California is one of only two states to have regulations that require employers to take steps to reduce employee injuries or deaths due to heat stress. It’s also been issuing fines and even shutting down some companies that have violated the regs. But now a lawsuit says California isn’t doing enough.
The ACLU has filed, on behalf of the United Farm Workers Union, a lawsuit accusing the state of not being able to protect its 650,000 agricultural employees from heat injury and death.
The lawsuit also alleges that California hasn’t done enough to establish common-sense regulations that would provide water, shade and rest to farm workers who experience 100° conditions.
The ACLU and union also faults California for not having enough inspectors to enforce the heat stress regulations it has.
California was the first state to establish heat stress regulations in 2005. Washington is the only other state to do so.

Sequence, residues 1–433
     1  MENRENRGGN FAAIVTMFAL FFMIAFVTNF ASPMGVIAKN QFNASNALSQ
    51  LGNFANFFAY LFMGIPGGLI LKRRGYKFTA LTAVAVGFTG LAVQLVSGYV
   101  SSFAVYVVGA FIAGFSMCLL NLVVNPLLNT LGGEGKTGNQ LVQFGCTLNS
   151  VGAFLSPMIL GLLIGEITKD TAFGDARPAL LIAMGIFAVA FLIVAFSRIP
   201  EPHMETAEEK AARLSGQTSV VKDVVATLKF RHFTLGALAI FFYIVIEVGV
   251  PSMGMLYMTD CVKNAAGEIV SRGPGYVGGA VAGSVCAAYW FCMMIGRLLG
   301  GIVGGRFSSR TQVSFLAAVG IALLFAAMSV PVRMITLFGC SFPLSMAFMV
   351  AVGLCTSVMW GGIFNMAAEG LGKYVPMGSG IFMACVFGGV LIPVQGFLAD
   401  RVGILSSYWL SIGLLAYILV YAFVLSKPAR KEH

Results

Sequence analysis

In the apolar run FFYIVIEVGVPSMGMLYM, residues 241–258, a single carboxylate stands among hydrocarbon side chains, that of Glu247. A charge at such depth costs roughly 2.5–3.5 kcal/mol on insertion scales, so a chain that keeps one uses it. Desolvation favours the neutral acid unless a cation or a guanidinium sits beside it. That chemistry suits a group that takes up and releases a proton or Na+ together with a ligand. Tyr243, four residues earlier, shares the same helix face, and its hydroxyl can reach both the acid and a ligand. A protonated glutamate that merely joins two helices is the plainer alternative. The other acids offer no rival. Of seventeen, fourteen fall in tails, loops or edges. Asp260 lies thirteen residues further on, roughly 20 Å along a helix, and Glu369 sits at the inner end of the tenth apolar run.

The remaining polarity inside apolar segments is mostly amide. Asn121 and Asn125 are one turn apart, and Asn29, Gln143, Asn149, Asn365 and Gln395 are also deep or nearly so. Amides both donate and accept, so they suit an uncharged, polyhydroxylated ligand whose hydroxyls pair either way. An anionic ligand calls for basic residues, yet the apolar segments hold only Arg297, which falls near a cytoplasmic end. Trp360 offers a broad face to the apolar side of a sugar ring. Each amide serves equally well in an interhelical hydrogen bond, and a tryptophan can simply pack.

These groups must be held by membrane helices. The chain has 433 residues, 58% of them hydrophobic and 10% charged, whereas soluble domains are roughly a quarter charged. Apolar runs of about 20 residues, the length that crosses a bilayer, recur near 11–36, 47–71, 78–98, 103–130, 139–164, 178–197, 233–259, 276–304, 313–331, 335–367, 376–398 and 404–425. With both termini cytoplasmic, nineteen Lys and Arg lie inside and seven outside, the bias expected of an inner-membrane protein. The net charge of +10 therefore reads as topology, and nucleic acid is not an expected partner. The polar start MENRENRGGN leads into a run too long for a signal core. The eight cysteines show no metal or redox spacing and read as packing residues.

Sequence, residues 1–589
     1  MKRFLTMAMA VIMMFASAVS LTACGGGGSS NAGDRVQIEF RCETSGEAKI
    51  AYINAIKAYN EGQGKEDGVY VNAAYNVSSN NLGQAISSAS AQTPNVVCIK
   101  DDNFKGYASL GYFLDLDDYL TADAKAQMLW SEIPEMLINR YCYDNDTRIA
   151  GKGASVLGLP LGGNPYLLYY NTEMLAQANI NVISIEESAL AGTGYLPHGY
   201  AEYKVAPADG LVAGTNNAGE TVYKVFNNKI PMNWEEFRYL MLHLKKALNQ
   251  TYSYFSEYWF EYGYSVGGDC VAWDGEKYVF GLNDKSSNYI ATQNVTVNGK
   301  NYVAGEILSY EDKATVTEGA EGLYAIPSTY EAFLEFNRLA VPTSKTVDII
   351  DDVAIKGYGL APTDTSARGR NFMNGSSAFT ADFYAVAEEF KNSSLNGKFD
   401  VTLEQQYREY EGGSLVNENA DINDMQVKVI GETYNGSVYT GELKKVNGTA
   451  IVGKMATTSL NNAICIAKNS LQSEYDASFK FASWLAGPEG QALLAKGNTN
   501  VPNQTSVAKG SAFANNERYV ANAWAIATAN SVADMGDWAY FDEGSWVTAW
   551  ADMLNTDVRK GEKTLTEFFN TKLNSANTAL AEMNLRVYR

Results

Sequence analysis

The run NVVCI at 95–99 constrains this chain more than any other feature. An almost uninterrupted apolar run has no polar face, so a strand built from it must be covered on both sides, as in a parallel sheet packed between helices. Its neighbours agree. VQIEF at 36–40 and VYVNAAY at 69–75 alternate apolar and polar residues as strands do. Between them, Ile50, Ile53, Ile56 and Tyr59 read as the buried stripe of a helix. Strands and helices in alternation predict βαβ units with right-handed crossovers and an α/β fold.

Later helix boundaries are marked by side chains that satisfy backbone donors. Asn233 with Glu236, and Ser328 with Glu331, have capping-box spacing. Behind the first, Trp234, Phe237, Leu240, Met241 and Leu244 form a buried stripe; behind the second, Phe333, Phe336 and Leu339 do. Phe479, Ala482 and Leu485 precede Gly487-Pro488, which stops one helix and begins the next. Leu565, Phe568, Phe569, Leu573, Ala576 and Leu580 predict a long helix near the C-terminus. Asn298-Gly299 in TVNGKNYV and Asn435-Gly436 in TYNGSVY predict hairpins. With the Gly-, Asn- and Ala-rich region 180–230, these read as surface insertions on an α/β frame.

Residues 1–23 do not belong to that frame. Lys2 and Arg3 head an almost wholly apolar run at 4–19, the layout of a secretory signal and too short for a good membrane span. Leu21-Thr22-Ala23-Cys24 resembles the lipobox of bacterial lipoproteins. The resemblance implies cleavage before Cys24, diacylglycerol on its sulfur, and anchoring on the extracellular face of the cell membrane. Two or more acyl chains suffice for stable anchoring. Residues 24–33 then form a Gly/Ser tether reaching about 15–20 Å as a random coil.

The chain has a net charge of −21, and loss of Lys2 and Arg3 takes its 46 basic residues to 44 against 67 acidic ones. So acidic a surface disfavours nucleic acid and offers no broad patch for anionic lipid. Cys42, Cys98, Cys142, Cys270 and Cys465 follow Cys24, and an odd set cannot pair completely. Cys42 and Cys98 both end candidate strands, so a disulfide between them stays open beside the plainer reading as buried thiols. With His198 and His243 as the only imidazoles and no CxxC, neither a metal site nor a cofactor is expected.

However, the state’s Occupational Safety and Health Standards Board has failed twice so far this year to upgrade those standards.
Cal-OSHA wanted emergency amendments requiring employers to provide shade for at least 25% of their workers to rest in if temperatures exceed 85°.
When it met this summer, the board voted 3-3 on the proposed amendments. One member was absent. Governor Schwarzenegger supports the changes and criticized the board for not acting.
Cal-OSHA says it’s conducted 167 outdoor workplace inspections and identified over 200 violations between July 11 and 27. In all of 2009, it’s issued $415,398 in citations.
The lawsuit notes that California has 35,000 farms and only 187 inspectors, who also have to enforce safety and health regulations other than the ones about heat stress.
Should states have regulations regarding heat stress and outdoor workers? Or should OSHA just cite companies when they don’t provide enough water, shade and rest using the General Duty Clause? Let us know in the Comments Box below.